Aplysia synapse associated protein (APSAP): identification, characterization, and selective interactions with Shaker-type potassium channels

Authors

  • Kathryn J. Reissner,

    1. Department of Neurobiology and Behavior, University of California, Irvine, California, USA
    2. Center for the Neurobiology of Learning and Memory, University of California, Irvine, California, USA
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  • Heather D. Boyle,

    1. Department of Neurobiology and Behavior, University of California, Irvine, California, USA
    2. Center for the Neurobiology of Learning and Memory, University of California, Irvine, California, USA
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  • Xiaojing Ye,

    1. Department of Neurobiology and Behavior, University of California, Irvine, California, USA
    2. Center for the Neurobiology of Learning and Memory, University of California, Irvine, California, USA
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  • Thomas J. Carew

    1. Department of Neurobiology and Behavior, University of California, Irvine, California, USA
    2. Center for the Neurobiology of Learning and Memory, University of California, Irvine, California, USA
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Address correspondence and reprint requests to Thomas J. Carew, PhD, 2205 McGaugh Hall, Irvine, CA 92697, USA. E-mail: tcarew@uci.edu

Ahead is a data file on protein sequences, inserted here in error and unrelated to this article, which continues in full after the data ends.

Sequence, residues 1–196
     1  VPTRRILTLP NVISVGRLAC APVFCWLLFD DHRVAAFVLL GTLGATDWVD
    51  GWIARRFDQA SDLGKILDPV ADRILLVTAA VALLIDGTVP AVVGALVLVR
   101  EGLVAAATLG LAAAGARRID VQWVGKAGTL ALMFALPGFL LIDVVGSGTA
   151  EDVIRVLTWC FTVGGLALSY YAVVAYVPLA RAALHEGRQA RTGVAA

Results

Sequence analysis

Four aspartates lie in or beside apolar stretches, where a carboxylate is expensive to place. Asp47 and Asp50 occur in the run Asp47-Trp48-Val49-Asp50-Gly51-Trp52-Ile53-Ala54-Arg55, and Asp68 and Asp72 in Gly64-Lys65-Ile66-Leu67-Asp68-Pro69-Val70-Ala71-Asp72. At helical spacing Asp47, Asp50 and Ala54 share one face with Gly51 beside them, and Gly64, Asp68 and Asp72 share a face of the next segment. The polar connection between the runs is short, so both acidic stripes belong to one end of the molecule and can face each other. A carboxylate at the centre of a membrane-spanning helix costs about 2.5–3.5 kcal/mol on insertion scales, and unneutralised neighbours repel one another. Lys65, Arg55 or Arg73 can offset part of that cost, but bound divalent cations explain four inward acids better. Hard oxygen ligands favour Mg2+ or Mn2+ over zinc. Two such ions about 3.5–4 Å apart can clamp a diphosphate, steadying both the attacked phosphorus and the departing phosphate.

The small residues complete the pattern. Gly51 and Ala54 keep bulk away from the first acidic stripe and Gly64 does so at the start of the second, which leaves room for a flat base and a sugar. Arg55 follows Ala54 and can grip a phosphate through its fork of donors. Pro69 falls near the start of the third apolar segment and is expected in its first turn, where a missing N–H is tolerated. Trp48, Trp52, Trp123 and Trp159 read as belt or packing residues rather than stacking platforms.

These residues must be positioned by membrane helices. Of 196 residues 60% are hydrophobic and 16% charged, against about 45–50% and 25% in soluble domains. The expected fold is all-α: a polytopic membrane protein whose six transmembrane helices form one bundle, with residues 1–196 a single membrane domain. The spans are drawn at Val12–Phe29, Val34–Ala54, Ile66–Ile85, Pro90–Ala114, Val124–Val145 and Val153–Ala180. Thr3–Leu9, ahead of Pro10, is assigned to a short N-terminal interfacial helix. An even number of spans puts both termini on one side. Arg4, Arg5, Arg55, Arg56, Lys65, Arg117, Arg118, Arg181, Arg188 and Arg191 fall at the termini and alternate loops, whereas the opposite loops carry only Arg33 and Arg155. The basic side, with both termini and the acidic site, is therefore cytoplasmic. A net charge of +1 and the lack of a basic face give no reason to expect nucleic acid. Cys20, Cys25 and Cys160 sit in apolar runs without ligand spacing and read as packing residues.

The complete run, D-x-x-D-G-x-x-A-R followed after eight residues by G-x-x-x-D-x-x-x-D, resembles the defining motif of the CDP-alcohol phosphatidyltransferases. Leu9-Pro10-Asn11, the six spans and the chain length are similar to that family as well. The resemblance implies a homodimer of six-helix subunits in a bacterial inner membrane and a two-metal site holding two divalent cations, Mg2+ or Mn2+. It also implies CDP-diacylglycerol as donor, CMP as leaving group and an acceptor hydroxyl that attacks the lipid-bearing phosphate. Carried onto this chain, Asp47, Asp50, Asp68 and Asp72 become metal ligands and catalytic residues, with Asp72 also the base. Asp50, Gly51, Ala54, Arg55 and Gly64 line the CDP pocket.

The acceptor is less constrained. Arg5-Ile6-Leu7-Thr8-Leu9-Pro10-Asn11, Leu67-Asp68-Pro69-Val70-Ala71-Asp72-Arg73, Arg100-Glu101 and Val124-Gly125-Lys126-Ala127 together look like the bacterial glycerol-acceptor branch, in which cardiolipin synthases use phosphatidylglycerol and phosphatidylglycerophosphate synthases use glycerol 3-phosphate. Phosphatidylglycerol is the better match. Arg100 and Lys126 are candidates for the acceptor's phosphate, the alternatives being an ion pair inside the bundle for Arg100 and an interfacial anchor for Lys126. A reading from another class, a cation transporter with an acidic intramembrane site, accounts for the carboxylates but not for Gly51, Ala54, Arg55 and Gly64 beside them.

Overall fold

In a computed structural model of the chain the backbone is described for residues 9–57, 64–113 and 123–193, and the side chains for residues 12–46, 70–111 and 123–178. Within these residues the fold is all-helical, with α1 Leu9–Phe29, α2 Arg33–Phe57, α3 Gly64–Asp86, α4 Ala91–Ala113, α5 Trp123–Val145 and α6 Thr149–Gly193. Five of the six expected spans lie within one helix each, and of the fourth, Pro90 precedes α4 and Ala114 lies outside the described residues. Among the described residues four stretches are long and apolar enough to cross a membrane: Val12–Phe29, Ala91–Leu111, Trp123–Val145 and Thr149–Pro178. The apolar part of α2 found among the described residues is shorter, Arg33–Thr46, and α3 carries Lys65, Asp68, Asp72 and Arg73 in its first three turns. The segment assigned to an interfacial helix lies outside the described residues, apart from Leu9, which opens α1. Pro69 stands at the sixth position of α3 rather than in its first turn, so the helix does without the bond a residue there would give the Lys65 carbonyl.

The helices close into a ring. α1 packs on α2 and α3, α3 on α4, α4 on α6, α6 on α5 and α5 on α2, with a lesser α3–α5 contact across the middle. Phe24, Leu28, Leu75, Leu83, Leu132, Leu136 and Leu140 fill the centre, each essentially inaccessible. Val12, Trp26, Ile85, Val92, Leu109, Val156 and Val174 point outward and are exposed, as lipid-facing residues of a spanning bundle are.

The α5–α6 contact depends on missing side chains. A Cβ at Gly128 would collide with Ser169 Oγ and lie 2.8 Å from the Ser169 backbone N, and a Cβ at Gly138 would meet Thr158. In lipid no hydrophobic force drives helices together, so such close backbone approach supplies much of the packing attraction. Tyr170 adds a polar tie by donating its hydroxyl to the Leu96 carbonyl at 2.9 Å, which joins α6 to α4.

Abstract

The vertebrate post-synaptic density (PSD) is a region of high molecular complexity in which dynamic protein interactions modulate receptor localization and synaptic function. Members of the membrane-associated guanylate kinase (MAGUK) family of proteins represent a major structural and functional component of the vertebrate PSD. In order to investigate the expression and significance of orthologous PSD components associated with the Aplysia sensory neuron-motor neuron synapse, we have cloned an Aplysia Dlg-MAGUK protein, which we identify as Aplysia synapse associated protein (ApSAP). As revealed by western blot, RT-PCR, and immunocytochemical analyses, ApSAP is predominantly expressed in the CNS and is located in both sensory neuron and motor neurons. The overall amino acid sequence of ApSAP is 55–61% identical to Drosophila Dlg and mammalian Dlg-MAGUK proteins, but is more highly conserved within L27, PDZ, SH3, and guanylate kinase domains. Because these conserved domains mediate salient interactions with receptors and other PSD components of the vertebrate synapse, we performed a series of GST pull-down assays using recombinant C-terminal tail proteins from various Aplysia receptors and channels containing C-terminal PDZ binding sequences. We have found that ApSAP selectively binds to an Aplysia Shaker-type channel AKv1.1, but not to (i) NMDA receptor subunit AcNR1-1, (ii) potassium channel AKv5.1, (iii) receptor tyrosine kinase ApTrkl, (iv) glutamate receptor ApGluR1/4, (v) glutamate receptor ApGluR2/3, or (vi) glutamate receptor ApGluR7. These findings provide preliminary information regarding the expression and interactions of Dlg-MAGUK proteins of the Aplysia CNS, and will inform questions aimed at a functional analysis of how interactions in a protein network such as the PSD may regulate synaptic strength.

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